Last week, the stock market set a number of records, albeit not the type that investors are going to be thrilled with.

On Monday and Tuesday, Feb. 24 and 25, the history-rich Dow Jones Industrial Average (^DJI -0.06%) declined by more than 1,900 points, marking the largest two-day point decline in the 123-year history of the index. This was followed by the Dow, technology-heavy Nasdaq Composite (^IXIC -0.55%), and benchmark S&P 500 (^GSPC -0.17%) all turning in their largest single-day point losses in history on Thursday, Feb. 27. When the curtain closed on this volatile trading session, the Dow, Nasdaq, and S&P 500 had lost 1,191, 414, and 138 points, respectively.

A small pile of one hundred dollar bills on fire, with one hundred dollar bills being used as wallpaper in the background.

Image source: Getty Images.

As the icing on the cake, the speed with which the stock market has entered official correction territory (i.e., a non-rounded decline of at least 10% from a recent high) is a new record. It took just six trading sessions and eight calendar days for all three indexes to lose a double-digit percentage of their value.

As you can probably imagine, there weren't a lot of safe-havens investments for investors to choose from last week, and the spread of COVID-19 takes most of the blame for that.

COVID-19 is the official name for the lung-focused novel coronavirus that originated in Wuhan, within China's Hubei province, and has infected more than 82,000 people in 50 countries. What's worrisome, though, is that the number of newly reported cases outside of China is growing rapidly, leading to the very real possibility that the World Health Organization will declare COVID-19 a pandemic.

Aside from having a mortality rate of around 2%, and therefore being a serious threat to human well-being, COVID-19 is the proverbial monkey wrench that could be thrown into global supply chains. It's what can drive consumer spending down, lower the demand for global oil, and more broadly send important economies into recession.

A person holding a tablet with a picture of a volatile chart that's trending higher over the long run.

Image source: Getty Images.

You only lose money if you sell your position at a loss

With all this being said, you'd probably assume that I wound up losing quite a bit of money during last week's stock market beatdown. Well, brace yourself, because I actually wound up losing nothing. Zero. Zilch. Nada!

I assure you, I am invested in the market, so I didn't pull my cash out and resort to swimming in a vault full of gold coins, a la Scrooge McDuck in Ducktales.

The simple reason I didn't lose money last week is that I chose not to panic-sell and head for the sidelines. In spite of the steepest one-week drop in equities in quite some time, there's a far more important figure that sits at the forefront of my mind. That being the number 37.

Before this past week, the broad-based S&P 500 had undergone 37 official corrections since the beginning of 1950. This works out to a correction about every 1.89 years, on average, making downward moves in the market a bit more commonplace than you might realize at first.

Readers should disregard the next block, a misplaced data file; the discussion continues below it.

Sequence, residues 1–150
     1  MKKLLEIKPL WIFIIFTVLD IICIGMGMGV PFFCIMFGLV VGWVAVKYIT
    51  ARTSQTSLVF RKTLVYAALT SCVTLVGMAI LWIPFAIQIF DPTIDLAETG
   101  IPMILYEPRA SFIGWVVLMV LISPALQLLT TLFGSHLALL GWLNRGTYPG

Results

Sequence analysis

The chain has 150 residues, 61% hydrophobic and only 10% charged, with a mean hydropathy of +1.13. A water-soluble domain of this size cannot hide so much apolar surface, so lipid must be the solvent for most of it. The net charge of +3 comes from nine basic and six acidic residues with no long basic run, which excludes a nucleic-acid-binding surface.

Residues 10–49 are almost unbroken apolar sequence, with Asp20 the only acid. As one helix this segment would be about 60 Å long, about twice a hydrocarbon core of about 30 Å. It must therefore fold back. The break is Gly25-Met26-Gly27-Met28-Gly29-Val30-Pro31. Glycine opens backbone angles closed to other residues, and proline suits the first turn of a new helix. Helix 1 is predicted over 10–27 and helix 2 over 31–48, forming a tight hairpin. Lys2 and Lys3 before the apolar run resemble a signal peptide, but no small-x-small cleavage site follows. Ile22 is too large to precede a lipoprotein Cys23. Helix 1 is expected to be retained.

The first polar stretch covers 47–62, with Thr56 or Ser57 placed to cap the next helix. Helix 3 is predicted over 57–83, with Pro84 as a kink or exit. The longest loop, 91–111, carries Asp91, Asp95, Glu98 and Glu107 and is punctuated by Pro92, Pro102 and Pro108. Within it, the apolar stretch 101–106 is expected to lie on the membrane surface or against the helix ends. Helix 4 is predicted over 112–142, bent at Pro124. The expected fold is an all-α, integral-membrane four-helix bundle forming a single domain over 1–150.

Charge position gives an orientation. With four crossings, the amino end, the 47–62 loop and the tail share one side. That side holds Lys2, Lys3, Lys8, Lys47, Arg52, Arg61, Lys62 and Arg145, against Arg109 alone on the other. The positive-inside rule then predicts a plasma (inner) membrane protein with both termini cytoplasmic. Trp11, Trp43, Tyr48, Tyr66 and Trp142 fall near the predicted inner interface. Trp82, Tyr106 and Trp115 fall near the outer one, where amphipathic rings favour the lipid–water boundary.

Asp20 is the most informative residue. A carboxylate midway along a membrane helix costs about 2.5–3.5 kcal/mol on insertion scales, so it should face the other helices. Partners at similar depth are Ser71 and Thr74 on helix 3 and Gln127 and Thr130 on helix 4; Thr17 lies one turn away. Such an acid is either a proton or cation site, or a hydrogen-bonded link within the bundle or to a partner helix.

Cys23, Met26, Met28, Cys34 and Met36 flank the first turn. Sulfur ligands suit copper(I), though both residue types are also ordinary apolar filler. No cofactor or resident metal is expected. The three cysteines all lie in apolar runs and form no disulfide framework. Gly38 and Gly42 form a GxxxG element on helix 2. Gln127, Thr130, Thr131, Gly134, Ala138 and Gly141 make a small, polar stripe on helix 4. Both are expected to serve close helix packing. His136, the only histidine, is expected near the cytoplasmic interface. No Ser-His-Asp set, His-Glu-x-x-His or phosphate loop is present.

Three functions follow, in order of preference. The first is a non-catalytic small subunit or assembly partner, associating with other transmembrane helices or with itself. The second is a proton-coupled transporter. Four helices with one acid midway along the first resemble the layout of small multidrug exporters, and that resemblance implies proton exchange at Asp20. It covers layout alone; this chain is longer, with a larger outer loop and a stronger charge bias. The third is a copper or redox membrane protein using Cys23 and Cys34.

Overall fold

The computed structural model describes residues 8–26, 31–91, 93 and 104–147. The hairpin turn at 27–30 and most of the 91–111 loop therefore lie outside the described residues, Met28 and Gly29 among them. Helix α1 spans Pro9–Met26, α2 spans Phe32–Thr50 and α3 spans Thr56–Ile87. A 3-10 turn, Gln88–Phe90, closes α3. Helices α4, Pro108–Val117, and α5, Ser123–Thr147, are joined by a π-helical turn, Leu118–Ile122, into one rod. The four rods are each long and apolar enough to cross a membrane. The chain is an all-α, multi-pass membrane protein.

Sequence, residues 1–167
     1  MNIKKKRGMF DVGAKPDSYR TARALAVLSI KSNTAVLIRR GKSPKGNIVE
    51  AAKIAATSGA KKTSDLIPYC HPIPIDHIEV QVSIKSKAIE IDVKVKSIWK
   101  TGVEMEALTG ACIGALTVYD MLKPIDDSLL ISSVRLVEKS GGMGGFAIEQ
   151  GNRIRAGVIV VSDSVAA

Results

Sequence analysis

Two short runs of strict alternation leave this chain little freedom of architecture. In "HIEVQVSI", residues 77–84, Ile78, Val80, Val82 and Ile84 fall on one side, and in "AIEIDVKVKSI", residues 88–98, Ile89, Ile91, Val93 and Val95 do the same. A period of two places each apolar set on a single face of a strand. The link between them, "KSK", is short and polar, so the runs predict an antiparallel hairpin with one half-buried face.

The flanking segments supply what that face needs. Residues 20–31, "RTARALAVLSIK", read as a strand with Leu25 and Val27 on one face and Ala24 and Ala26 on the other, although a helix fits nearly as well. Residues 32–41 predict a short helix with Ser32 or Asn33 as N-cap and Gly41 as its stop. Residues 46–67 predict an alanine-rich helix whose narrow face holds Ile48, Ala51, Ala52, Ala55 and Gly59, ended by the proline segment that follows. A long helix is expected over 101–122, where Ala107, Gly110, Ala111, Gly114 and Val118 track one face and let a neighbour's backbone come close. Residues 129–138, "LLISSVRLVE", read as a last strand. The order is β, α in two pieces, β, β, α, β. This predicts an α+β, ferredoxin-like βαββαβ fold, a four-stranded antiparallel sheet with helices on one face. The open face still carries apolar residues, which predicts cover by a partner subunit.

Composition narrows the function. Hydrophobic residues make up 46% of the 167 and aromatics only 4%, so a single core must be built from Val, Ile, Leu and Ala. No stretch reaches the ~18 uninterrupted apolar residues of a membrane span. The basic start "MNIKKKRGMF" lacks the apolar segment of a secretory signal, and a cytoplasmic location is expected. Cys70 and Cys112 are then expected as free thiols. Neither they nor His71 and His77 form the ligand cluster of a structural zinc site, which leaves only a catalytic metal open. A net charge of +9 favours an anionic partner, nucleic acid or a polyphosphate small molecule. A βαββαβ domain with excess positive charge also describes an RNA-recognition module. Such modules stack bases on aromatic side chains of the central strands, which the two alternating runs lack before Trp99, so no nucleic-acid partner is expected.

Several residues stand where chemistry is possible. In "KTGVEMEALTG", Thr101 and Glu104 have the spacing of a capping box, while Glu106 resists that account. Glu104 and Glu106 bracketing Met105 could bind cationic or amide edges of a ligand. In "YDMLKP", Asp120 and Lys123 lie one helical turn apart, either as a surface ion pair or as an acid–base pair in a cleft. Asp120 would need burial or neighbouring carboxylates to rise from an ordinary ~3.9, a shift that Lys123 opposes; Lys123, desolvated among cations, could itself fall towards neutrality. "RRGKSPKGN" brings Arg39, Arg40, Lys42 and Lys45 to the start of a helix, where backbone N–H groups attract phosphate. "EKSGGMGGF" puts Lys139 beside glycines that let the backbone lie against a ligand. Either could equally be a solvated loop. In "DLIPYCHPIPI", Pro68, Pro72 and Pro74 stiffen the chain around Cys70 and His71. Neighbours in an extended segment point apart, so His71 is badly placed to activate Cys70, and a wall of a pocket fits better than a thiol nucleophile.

What stands out, though, is that each and every one of these corrections in the S&P 500 (37 out of 37) has been completely wiped away by a bull-market rally. Sometimes it takes just weeks to put a correction in the rearview mirror, whereas it can take years for steeper retracements. Regardless of the time frame, the story is always the same: the stock market increases in value over the long run.

This means that if you buy high-quality businesses and give them a proper period of time to perform (a minimum of five years), you have a very good chance to increase your wealth.

A businessman in a suit pressing the sell button on a digital screen.

Image source: Getty Images.

Only sell when it makes sense -- not based on emotion

Understandably, there are times when selling a stock does make sense. As an example, if you need money right now to pay a bill, then selling a stock, even at a loss, might make sense.

Likewise, it could be time to part ways with a stock if it no longer holds up to your initial investment thesis. While you certainly don't need a stock market correction to give you the motivation to review your holdings, a sudden move in the market does have a tendency to spur action on the part of investors. If, after review, a company's business model or outlook no longer matches what you're looking for, selling may be the appropriate choice.

Another example where selling might make sense is an effort to rebalance your portfolio. For instance, if one position increases in value substantially, it might become too large a percentage of your portfolio. Selling some of that position to invest in other areas may be prudent.

What absolutely doesn't make sense is simply heading for the sidelines because the stock market had a few bad days. Not only is it unlikely that the long-term growth prospects for nearly all public companies haven't changed over the past week, those folks who choose to sell and are effectively trying to time the market could very easily miss out on some of the biggest single-day percentage gains we'll see on the way back up.

Remember, folks, you only lose money if you sell a stock at a loss.